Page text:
Serum hepatocyte growth factor as a prognostic marker for stage II or III colorectal cancer patients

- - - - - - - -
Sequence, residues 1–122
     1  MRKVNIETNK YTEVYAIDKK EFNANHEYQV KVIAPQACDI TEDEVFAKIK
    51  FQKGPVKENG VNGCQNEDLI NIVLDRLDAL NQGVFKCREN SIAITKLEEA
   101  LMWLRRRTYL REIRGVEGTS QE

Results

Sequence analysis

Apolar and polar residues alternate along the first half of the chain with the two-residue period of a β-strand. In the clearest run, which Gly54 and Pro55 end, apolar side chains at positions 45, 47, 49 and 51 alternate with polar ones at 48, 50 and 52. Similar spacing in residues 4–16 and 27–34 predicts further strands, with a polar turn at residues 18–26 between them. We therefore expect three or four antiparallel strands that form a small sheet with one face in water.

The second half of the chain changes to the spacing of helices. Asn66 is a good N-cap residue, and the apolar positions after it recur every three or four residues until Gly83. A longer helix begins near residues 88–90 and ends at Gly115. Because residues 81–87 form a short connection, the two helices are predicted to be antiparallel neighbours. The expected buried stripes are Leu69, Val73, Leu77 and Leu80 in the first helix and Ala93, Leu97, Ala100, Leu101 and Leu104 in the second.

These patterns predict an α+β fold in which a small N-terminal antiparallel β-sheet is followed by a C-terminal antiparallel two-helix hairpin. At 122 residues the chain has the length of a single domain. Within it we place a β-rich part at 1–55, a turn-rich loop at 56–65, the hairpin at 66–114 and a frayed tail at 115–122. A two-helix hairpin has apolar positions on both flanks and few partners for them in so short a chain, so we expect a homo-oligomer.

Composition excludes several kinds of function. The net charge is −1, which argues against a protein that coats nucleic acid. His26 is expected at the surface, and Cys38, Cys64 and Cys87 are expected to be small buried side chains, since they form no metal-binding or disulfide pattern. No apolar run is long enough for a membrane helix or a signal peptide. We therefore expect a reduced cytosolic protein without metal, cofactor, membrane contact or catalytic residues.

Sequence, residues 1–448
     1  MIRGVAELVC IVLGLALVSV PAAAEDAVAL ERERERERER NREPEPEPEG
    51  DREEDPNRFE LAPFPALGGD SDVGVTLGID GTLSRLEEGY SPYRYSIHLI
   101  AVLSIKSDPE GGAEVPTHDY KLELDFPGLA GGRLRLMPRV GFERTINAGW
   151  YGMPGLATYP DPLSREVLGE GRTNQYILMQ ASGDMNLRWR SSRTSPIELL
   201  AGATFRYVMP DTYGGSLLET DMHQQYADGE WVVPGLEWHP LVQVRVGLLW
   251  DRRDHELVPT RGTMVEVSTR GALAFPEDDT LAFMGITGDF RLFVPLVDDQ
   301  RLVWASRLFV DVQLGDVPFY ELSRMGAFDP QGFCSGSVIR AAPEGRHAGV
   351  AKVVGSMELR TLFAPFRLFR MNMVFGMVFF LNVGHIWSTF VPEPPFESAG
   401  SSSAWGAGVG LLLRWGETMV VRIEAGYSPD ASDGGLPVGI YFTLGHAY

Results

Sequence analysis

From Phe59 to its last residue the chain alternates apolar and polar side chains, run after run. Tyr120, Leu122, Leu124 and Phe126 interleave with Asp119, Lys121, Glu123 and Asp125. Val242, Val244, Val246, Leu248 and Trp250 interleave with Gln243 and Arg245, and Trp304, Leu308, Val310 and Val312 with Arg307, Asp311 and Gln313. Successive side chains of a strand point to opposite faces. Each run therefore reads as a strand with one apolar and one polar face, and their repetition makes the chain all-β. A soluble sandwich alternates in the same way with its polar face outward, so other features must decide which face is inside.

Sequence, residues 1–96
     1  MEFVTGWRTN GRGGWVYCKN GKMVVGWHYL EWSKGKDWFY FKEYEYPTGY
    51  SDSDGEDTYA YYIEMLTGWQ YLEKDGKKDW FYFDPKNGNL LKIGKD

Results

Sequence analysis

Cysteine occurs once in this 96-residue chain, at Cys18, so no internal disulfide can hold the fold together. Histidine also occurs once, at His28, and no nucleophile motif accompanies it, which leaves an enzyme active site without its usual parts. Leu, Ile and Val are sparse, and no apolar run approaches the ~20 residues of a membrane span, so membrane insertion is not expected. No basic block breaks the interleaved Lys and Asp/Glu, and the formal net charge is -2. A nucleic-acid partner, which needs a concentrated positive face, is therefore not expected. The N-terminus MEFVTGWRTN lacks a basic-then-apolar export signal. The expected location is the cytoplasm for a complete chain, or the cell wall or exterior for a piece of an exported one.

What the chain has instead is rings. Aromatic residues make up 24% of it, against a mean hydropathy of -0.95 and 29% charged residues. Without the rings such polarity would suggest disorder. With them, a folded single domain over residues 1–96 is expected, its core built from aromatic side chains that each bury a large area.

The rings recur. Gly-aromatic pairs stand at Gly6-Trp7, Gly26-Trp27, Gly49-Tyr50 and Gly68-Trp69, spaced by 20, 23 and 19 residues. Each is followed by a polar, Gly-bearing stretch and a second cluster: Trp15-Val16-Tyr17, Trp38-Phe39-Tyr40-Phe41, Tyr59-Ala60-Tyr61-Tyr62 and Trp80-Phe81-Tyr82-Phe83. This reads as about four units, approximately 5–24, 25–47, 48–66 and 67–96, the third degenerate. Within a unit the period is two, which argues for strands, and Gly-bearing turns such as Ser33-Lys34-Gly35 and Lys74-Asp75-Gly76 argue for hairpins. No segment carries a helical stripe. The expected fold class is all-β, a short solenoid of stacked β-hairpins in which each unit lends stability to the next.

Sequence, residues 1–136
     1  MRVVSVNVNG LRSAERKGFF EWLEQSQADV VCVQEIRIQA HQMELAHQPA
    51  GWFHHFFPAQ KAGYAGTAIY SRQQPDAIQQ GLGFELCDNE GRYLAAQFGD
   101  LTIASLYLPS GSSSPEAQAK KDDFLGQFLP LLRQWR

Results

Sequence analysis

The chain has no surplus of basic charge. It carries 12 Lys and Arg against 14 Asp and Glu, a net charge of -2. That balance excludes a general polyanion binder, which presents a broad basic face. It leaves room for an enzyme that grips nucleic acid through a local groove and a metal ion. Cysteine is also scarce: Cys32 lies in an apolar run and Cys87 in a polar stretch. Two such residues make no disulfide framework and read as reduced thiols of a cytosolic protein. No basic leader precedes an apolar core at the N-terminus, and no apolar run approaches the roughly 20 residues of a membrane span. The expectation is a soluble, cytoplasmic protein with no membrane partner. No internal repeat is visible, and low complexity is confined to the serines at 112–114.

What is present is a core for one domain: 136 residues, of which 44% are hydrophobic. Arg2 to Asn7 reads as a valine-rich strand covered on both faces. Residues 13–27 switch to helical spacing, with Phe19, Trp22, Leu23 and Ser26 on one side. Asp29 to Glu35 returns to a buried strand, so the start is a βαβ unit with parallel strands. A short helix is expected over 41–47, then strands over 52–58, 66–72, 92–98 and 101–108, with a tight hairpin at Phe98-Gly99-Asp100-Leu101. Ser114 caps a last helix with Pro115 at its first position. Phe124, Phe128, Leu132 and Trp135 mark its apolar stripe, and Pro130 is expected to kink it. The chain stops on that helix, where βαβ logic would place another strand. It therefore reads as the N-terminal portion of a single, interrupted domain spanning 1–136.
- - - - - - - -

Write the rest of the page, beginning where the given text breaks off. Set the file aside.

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We previously reported that a combination of serum hepatocyte growth factor (HGF) and carcinoembryonic antigen (CEA) was useful for selecting early-stage colorectal cancer patients with aggressive disease. The aim of the present study was to determine whether serum HGF could provide CEA-independent prognostic information on patients undergoing surgery with curative intent. Serum samples were collected from 184 patients with colorectal cancer and 30 controls. Reverse-transcription polymerase chain reaction was used to detect HGF expression in colorectal cancer cell lines. Serum and tissue levels of HGF were measured by enzyme-linked immunosorbent assay. The serum HGF levels in colorectal cancer patients were compared with those in healthy controls, and we retrospectively assessed the association between serum HGF levels and clinicopathological findings and survival. Expression of HGF was significantly higher in colorectal cancer tissues compared with non-tumor tissues. The serum HGF levels were closely correlated with the HGF levels in cancer tissue. The mean serum HGF level in patients was significantly higher than that in controls, and significantly higher in patients with large tumor, lymph-node involvement and distant metastasis. According to the receiver operating characteristic (ROC) analysis, elevated serum HGF levels can predict patients with larger tumor, lymph-node and distant metastasis. Elevated serum HGF level demonstrated a significant association with poor survival, and was only an independent risk factor for poor survival in Stage II or/and III. Elevated serum HGF level is significantly associated with colorectal cancer development, lymph or distant invasive phenotypes and survival, especially in Stage II or III patients. © 2009 UICC

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